You believe wrongly, and further, you sound like the kind of fool who thinks he can form meaningful judgments on areas of study he knows nothing about, and the entire passage is an illogical jumble of half-baked thoughts and misunderstandings. I shall repay your contempt by not investigating your Latin lessons.

Nice post, nonetheless!
posted by languagehat at 8:53 AM on January 28, 2007 [1 favorite]


This guy is an ass.
posted by odinsdream at 9:04 AM on January 28, 2007


Another excellent supplement is Alexander and Nicholas Humez's Latin for People--Latina pro Populo

Real Latinists scathed that book.
posted by IndigoJones at 9:44 AM on January 28, 2007


You believe wrongly, and further, you sound like...

...another tragic case of Engineers' Disease, in which high competence in one area of study leads one to believe that one must be similarly competent in other areas, despite the fact that one has not actually invested nearly as much study in those other areas.

Lots of people besides engineers suffer from this ailment, of course. But engineers do seem to be particularly likely to, especially when they're getting on a bit, suddenly come up with Grand Unified Theorems, great insights into historical events, bold new ideas about astronomy, and so on.
posted by dansdata at 9:58 AM on January 28, 2007 [21 favorites]


The favorite Indian process was to soak the corn in wood ash lye until the hull softened and expanded, producing hominy. When boiled, this can be very palatable, and was a very familiar dish.

At last, something my great-great-grandmother would have recognized as food.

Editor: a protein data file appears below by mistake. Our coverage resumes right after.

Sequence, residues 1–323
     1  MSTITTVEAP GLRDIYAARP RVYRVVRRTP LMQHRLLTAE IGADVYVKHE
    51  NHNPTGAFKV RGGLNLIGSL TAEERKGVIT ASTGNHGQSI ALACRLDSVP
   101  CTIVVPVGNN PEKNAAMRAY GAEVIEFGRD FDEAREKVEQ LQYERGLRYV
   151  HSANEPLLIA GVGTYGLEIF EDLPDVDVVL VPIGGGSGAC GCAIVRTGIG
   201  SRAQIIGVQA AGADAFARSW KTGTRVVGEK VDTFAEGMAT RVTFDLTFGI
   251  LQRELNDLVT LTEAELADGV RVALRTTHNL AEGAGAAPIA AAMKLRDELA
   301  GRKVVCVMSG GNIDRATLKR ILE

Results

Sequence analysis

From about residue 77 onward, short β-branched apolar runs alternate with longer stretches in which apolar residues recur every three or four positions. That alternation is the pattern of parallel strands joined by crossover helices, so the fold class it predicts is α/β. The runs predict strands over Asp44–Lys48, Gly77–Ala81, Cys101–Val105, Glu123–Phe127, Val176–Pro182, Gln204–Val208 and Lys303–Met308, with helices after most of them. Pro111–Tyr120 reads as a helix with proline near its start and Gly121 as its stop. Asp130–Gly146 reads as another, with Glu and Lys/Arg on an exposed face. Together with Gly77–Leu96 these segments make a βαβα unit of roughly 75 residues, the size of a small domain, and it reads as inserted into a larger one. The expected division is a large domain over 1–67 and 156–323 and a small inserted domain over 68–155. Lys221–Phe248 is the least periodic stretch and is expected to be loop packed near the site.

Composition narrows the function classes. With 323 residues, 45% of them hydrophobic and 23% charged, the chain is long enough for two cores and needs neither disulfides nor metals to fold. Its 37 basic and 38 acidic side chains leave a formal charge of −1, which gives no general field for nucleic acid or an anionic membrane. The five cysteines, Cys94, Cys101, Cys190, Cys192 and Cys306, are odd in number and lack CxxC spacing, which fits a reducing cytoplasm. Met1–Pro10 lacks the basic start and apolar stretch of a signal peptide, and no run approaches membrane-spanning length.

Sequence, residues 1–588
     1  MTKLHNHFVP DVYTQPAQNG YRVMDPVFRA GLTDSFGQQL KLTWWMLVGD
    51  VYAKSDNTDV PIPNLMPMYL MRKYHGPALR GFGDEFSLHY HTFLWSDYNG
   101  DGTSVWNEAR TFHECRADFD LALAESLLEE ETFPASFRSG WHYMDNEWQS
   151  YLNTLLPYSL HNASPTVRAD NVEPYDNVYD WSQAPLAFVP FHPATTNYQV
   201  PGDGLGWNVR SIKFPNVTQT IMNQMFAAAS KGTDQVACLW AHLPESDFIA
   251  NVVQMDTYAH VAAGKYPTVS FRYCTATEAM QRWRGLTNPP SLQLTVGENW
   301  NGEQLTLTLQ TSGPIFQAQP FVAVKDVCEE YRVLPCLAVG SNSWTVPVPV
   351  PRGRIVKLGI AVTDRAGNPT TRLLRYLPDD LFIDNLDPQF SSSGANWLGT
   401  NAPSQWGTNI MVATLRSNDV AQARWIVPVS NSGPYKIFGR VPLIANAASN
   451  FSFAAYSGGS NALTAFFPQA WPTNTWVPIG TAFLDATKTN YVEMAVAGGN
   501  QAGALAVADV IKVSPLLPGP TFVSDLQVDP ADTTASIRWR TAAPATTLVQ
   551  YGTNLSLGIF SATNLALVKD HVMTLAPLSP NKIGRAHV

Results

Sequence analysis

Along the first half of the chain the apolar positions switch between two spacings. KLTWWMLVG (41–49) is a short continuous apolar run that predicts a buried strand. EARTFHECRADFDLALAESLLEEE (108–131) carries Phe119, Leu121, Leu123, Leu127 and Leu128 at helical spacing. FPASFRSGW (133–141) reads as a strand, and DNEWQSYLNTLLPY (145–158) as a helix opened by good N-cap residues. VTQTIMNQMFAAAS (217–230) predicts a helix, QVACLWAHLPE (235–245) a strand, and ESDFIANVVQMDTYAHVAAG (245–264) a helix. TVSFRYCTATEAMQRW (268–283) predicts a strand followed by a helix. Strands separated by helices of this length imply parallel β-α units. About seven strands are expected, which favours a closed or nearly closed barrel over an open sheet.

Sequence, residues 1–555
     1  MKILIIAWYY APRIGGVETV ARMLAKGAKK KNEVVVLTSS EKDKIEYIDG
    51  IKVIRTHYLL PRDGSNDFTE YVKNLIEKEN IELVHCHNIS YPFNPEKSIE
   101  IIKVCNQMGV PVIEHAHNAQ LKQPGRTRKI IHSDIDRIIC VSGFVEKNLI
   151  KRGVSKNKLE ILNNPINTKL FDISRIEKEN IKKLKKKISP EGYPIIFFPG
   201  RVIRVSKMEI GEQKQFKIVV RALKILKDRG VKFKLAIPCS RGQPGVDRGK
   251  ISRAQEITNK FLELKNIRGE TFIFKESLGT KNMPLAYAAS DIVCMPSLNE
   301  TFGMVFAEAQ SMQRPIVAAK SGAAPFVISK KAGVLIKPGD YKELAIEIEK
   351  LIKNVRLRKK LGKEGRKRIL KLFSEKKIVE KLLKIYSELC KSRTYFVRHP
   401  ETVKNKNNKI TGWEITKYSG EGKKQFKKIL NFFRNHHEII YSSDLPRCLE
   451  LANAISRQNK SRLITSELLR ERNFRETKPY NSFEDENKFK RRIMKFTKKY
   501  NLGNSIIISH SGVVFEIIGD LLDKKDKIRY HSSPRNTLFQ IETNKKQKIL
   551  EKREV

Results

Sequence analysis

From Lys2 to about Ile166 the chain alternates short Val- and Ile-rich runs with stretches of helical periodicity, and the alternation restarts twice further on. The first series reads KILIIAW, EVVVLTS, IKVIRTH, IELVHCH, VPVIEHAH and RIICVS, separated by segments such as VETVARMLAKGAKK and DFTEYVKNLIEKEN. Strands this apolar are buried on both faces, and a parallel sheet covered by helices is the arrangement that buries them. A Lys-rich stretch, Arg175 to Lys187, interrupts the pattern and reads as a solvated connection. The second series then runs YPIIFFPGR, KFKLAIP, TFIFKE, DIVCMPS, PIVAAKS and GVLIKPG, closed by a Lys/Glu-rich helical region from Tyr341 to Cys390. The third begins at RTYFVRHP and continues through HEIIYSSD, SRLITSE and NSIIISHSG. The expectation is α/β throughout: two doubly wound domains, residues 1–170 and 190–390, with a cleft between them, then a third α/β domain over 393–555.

posted by SPrintF at 9:59 AM on January 28, 2007 [1 favorite]


The relation between supply and demand is more complex than the pronouncements of a pseudo-science imply.
posted by Chuckles at 10:39 AM on January 28, 2007


Real Latinists scathed that book.

I'd have gone for the Colbert-ish "The Latinistas."
posted by sparkletone at 11:07 AM on January 28, 2007


I think I sat next to this guy on a bus once.
posted by Falconetti at 11:28 AM on January 28, 2007


...another tragic case of Engineers' Disease, in which high competence in one area of study leads one to believe that one must be similarly competent in other areas, despite the fact that one has not actually invested nearly as much study in those other areas.

Nice way of putting it. I find that people afflicted with Engineers' Disease are also likely to put together web sites with long, condescending instructions on how to use the site (such as the fact that you can click on the various links to access the materials on the site), and elaborate explanations of which browsers should be used, etc.
posted by jayder at 6:31 PM on January 28, 2007


Although I did study Latin at the University of Denver, I never met Dr. Calvert.
posted by MotherTucker at 9:17 AM on January 29, 2007


I'd have gone for the Colbert-ish "The Latinistas."

As would I, had I thought of it. Damn!
posted by IndigoJones at 10:52 AM on January 29, 2007